By Michelle Garcia
Originally published on Advocate.com September 02 2010 11:15 AM ET
The Eyes have it — a gay affinity group, that is.
CBS has joined some of its rival networks in welcoming a group for its LGBT employees, with members ranging from freelancers to top executives from coast to coast.
Last year some CBS employees expressed interest in forming a group to support its minority workers, says Barbara Matos, manager of CBS Diversity. When the topic came up at a company town-hall meeting, CBS Corp. president and CEO Leslie Moonves took to the idea and the company's RAD Council was born.
But according to CBS News executive producer Court Passant, gay employees wanted to take it a step further. Once Moonves's team was involved, he said the formation of CBS Angle took on quickly. The group examined other LGBT affinity groups at competing networks and other industries to figure out the best structure for operation.
Currently, the group has a few dozen members from its New York and Los Angeles offices, but those members are looking to expand to include employees from all of its offices and to incorporate its San Francisco staff's already-operating LGBT group.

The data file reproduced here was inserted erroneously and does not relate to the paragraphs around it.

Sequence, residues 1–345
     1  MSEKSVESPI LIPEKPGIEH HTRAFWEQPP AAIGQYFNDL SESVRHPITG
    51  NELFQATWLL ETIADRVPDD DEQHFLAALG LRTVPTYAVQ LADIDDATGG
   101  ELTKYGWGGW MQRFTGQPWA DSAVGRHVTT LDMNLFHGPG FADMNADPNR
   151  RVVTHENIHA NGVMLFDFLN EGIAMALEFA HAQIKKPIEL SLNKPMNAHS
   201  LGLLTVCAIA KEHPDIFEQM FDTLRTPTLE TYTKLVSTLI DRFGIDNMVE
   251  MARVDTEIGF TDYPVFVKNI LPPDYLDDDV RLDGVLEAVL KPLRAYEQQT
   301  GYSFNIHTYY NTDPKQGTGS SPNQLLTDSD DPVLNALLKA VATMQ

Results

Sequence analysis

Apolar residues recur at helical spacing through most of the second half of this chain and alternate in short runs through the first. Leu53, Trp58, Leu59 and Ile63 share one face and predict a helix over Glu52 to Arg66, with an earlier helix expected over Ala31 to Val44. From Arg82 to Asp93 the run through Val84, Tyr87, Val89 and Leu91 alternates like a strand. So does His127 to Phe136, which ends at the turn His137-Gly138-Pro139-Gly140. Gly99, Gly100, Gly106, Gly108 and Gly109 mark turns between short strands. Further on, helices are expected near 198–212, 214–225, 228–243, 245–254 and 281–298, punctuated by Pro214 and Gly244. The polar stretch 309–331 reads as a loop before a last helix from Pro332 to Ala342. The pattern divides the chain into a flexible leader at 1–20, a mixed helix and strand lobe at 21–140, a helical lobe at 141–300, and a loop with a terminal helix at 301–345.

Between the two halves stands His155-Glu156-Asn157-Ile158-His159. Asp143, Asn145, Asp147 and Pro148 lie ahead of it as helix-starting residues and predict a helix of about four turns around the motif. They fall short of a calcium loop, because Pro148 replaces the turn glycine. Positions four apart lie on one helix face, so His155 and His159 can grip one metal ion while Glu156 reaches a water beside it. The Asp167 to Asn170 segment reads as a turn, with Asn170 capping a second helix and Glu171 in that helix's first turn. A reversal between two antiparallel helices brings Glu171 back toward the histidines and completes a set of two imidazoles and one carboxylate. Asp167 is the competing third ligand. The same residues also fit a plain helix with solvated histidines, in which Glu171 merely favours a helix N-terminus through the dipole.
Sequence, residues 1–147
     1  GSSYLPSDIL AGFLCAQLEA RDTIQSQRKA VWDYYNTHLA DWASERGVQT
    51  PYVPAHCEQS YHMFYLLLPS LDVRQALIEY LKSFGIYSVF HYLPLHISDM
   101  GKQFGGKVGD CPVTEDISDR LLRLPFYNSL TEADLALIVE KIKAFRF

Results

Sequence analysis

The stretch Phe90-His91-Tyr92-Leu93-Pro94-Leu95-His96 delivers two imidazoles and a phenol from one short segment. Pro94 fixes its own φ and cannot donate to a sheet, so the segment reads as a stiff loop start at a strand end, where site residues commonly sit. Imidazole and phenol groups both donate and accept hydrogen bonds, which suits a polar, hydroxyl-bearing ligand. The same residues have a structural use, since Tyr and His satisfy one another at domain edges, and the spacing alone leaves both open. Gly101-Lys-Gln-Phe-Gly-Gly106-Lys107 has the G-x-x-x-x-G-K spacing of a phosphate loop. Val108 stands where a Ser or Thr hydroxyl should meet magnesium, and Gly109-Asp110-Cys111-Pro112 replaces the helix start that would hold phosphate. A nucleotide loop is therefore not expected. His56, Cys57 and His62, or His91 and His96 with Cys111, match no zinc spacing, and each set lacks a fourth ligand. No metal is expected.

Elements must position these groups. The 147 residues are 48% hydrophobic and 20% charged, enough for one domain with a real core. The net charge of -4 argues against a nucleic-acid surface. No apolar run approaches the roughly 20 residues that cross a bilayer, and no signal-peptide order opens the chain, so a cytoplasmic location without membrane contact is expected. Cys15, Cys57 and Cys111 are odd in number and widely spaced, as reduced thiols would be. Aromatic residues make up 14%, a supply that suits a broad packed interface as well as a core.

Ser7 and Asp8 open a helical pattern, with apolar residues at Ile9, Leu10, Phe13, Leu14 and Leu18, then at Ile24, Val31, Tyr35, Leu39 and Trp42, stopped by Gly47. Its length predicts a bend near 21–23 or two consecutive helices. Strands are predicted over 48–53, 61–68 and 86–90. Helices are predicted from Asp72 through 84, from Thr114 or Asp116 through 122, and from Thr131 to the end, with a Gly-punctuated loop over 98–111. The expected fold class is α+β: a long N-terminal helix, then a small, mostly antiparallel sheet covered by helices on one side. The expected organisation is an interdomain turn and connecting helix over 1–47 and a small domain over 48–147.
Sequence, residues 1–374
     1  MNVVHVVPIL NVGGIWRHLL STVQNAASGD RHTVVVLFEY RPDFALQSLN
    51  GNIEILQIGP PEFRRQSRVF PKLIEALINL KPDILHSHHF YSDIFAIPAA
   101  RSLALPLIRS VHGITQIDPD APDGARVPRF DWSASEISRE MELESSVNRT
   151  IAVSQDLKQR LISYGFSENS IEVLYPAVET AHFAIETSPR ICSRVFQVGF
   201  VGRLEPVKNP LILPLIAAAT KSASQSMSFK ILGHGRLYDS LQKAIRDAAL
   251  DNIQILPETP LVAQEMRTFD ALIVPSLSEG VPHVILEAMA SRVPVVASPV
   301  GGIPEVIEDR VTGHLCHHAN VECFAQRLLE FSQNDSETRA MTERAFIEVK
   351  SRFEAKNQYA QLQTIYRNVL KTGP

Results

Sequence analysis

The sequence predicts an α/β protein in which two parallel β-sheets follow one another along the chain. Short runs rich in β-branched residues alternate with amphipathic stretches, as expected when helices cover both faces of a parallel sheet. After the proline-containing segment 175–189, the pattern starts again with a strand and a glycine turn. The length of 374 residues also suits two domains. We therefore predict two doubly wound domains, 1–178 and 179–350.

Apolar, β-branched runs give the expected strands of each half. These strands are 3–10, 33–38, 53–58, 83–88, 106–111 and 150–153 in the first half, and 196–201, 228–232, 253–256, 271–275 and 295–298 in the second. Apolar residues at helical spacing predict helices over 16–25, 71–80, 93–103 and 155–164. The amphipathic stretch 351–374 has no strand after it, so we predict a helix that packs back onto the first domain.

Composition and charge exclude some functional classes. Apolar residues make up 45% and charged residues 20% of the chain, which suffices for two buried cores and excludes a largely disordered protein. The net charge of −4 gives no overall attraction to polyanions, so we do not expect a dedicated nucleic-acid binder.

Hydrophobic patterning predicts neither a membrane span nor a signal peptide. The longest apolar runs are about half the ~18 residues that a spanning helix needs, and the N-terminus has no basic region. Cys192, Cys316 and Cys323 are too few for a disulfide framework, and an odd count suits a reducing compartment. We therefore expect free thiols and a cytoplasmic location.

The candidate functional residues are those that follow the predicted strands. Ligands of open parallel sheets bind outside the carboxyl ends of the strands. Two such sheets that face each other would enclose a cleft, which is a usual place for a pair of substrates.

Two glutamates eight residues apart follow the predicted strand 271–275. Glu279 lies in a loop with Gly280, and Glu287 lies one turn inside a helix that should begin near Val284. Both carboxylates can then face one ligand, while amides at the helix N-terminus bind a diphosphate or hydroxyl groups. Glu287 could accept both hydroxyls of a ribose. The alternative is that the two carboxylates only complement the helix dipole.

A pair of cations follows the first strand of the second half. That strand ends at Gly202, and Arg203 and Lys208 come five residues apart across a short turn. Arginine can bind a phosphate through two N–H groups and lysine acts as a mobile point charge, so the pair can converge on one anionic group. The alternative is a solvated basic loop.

Though CBS was the only broadcast network to score a failing grade in July by the Gay and Lesbian Alliance Against Defamation for its lack of gay characters, other networks under the CBS corporate umbrella have fared well each year. The CW, a joint venture for CBS and Warner Bros., was named the broadcast network with the most gay-inclusive and the most racially diverse programming, possibly due to it's 18-to-34-year-old female target audience. Another CBS Corp. brand, Showtime, also earned a "good" rating with LGBT-inclusive shows like Nurse Jackie, Weeds, and The United States of Tara.
After the third year in a row of poor marks, CBS network president Nina Tassler said at the Television Critics Association press tour in July that three of the network's shows would add gay characters (The Good Wife, Rules of Engagement, and the upcoming $#*! My Dad Says, which is based on the @shitmydadsays Twitter feed and the book Sh*t My Dad Says). For its daytime programming, the network has also added Sara Gilbert's much-anticipated roundtable talk show, The Talk.
"We're disappointed in our track record so far," Tassler said at the event. "We're going to do it. We're not happy with ourselves."
Passant says he hopes CBS Angle will provide guidance to the company at large.
"While CBS has been very supportive of our efforts, we would love for them to use us as a resource if an event or situation happened where they need advice," he says. "We would love to be more than just a social group or a group that gets together and has speakers."
CBS Angle kicks off this month with meetings at its headquarters in New York and Los Angeles. For more information visit CBSAngle.com